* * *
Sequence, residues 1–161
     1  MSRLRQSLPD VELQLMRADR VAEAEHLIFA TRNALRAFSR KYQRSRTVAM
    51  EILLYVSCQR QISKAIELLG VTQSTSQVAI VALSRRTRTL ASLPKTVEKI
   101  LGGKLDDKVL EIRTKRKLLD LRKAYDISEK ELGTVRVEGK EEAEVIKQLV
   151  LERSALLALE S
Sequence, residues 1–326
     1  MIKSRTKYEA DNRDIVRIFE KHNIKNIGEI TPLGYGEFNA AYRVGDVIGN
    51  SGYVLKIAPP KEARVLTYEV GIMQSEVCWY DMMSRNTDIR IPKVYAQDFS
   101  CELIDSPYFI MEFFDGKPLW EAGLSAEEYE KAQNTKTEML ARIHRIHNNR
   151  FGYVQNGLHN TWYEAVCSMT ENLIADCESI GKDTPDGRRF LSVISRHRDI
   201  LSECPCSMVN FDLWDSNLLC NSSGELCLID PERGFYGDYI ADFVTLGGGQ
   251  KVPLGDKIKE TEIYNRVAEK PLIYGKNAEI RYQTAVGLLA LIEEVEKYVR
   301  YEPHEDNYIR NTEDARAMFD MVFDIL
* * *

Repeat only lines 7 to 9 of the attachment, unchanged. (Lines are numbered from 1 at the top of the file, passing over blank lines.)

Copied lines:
     1  MIKSRTKYEA DNRDIVRIFE KHNIKNIGEI TPLGYGEFNA AYRVGDVIGN
    51  SGYVLKIAPP KEARVLTYEV GIMQSEVCWY DMMSRNTDIR IPKVYAQDFS
   101  CELIDSPYFI MEFFDGKPLW EAGLSAEEYE KAQNTKTEML ARIHRIHNNR